(9) Zooter: During the training for the tour of Sri Lanka, Shane basically relied on his big spinning leg breaks and flippers. He didn't bowl the googly, and his normal top-spinner was only fair. When I asked him if he knew how to bowl a top-spinner through the front of his fingers he seemed surprised. He seemed even more bemused when I said Peter Philpott, the respected Australian leg-spinner of the 1960s, called it his "back spinning toppie". I could never understand why either. Perhaps my aerodynamics weren't as good as Peter's. I showed Shane how it was done and while I thought it would probably take him six months to master it, he was bowling it in a Test match three weeks later.
A terrible irony of his life is that the media have sometimes come down hard on him, exploiting those moments when he let himself down off the field. I say `irony' because, being a clever bluffer on the field, he didn't mind using the media to his advantage, especially at the start of each season when he'd announce the discovery of his latest "mystery ball".
His opponents would see the headlines everywhere about something that didn't exist. In reality, there was never a new trick, only a revamping of the name for Peter Philpott's "back spinning toppie".
Shane originally called it his zooter, now he calls it his slider and over. The last decade or so the ball has brought him numerous lbw decisions. What there was, though, was a further improvement in his accuracy and flight. He was always fine-tuning his bowling and increasing his arsenal.

This last bit here by Bob Simpson (9) is probably the most telling. This to me supports my argument that the term Zooter is anomalous and that there isn't really a clear definition of it and the confusion is all a part of the Warne/Jenner propaganda machine. If the Zooter is indeed just another name for the Orthodox Back-Spinner like Bosie/Googly/Wrong Un, which I'm quite willing to accept, there seems to be an awful lot of people writing about it and getting it wrong with all those 'Non-Spinning, out of the front of the hand' descriptions? The Orthodox Back-Spinner is ripped off the fingers using the wrist to impart the flick like all of the classic Wrist Spinning deliveries, so why the confusion? Simple….. As it says on the Cricinfo website “Some question whether the delivery has ever existed, for it could be another of Warne's mind-games to keep his opponents on their toes”. I would suggest that indeed this is the case.

There seems to be some recognition of a delivery that has attributes similar to the Knuckle-Ball used in baseball. Indeed, many Spin Bowlers have toyed with the idea of adopting some of the techniques used in Baseball and Philpott amongst others advocates exploring such ideas. It could be the case that Warne has used a variant of the Knuckle ball and this is where this description of a straight ball being pushed off the palm of the hand comes from? If you look into the Knuckle ball, you’ll possibly find that its reported as having the weird property of ‘Wobbling’ through the air appearing to turn one way and then another through its trajectory. Further investigations explain this is due to the stitching pattern on the ball which is very much different to a cricket ball. Therefore the use of such a delivery is subject to personal investigation and experimentation.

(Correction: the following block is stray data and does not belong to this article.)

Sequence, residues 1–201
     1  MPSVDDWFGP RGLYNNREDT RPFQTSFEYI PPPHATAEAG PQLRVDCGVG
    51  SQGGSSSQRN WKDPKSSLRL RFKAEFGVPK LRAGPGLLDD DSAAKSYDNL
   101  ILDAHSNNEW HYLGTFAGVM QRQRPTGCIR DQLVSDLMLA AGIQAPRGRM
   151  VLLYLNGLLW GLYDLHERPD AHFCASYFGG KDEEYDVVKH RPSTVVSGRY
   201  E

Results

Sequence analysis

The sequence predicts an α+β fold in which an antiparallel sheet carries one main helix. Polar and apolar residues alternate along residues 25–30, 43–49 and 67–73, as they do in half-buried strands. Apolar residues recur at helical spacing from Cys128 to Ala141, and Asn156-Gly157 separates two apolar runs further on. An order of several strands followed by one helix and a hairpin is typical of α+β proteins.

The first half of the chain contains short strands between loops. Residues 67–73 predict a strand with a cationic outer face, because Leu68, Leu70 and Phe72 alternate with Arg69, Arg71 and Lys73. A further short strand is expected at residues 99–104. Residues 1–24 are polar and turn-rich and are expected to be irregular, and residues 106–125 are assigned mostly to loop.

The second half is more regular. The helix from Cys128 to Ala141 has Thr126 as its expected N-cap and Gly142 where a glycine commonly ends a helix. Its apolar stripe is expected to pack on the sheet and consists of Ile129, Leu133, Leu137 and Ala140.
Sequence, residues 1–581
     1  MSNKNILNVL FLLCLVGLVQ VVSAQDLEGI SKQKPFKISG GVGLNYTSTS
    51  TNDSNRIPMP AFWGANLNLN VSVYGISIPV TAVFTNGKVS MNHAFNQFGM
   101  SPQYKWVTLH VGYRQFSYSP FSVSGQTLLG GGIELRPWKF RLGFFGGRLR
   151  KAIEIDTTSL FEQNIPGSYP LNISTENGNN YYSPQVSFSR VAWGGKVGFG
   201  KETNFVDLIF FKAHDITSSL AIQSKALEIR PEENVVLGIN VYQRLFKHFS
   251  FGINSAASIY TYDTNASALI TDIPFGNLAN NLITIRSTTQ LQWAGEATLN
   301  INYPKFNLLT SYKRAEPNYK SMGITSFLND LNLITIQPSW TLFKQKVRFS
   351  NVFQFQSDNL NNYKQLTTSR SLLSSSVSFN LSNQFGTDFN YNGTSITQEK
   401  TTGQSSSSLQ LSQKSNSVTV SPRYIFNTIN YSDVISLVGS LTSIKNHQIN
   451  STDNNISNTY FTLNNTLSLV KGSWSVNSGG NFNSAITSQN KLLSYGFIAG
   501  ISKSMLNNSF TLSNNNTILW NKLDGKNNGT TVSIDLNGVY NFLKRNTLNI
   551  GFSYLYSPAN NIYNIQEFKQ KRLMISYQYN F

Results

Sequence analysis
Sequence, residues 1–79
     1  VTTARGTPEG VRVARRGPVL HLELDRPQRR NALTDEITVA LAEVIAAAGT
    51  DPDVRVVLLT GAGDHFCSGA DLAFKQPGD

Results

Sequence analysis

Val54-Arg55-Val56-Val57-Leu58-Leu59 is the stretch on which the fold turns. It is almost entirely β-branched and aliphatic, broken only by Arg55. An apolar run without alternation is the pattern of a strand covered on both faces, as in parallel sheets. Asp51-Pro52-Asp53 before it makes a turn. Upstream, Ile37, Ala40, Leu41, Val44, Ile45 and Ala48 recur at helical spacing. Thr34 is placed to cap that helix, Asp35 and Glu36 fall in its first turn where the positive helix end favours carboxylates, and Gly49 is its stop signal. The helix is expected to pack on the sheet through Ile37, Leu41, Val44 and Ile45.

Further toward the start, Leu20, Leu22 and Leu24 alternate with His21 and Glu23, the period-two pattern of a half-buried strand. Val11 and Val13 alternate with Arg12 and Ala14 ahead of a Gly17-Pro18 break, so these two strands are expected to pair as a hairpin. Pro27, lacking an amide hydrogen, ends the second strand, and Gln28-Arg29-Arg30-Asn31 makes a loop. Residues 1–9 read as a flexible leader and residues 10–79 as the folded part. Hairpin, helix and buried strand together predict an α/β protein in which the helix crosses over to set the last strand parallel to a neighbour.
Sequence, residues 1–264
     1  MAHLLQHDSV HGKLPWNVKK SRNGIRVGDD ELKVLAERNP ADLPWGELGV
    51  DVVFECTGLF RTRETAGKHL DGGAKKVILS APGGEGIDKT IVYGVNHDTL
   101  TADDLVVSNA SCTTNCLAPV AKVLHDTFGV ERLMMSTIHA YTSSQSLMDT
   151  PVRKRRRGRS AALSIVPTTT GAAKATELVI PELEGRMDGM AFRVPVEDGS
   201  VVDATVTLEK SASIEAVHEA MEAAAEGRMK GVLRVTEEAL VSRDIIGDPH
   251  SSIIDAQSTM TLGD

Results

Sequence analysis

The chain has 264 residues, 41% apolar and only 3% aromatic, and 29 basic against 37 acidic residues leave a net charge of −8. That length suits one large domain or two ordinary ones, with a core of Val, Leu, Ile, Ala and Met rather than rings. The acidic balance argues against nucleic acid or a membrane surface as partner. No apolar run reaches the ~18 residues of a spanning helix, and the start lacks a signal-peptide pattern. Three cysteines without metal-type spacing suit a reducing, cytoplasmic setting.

The Slider

(10) The Slider: In cricket, a slider is a type of delivery bowled by a wrist spin bowler. Whereas a top-spinner is released with the thumb facing the batsman, a slider is bowled with the thumb facing the bowler. On release the wrist and ring finger work to impart backspin to the ball. A top-spinner tends to dip more quickly and bounce higher than a normal delivery. The slider does the opposite: it floats to a fuller length and bounces less than the batsman might expect. The classic slider heads with its seam aligned towards the batsman and may tend to swing in slightly. Sliders may also head towards the batsman with a scrambled seam (with the ball not spinning in the direction of the seam, so the seam direction is not constant, unlike in conventional spin bowling). This has less effect on the flight and bounce but absence of leg spin may deceive the batsman.

It is claimed that Shane Warne invented this type of delivery. However, this is inaccurate. The Australian spinner Peter Philpott used the technique in the 1960s, calling it simply an orthodox backspinner, while Australian all-rounder and captain Richie Benaud used what he called his 'sliding topspinner' which appears again to have been similar. Since he was taught the technique by Doug Ring, it may be more accurate to suggest that Ring is the originator. Either that, or the ball is one of those deliveries with no easily identifiable point of origin.
Although there is often a good deal of confusion on the subject, the slider is thought to be more or less an identical delivery to the "zooter".

(11) The Slider; How to bowl a slider This article is an extract from Spin Bowling Tips. Master the art of spin bowling with the most comprehensive eBook on spin bowling ever produced, available now at PitchVision Academy. The slider or back spinner is the reverse of the top-spinner. Instead of bouncing and kicking as the top-spinner does, the back spinner delivery will skid onto the batsman. This delivery is great for trying to trap the batsman LBW. Grip - The grip is exactly the same as the leg-spin stock delivery. Two fingers up and two fingers down with the thumb on or off the ball as preferred. Release - The ball releases the hand rotating backwards. It is essentially the reverse of the top spinner (explained in previous chapter). The thumb must face the batsmen and the side of the hand (on the little finger’s side) must face the bowler, but with the back the hand facing towards mid-wicket.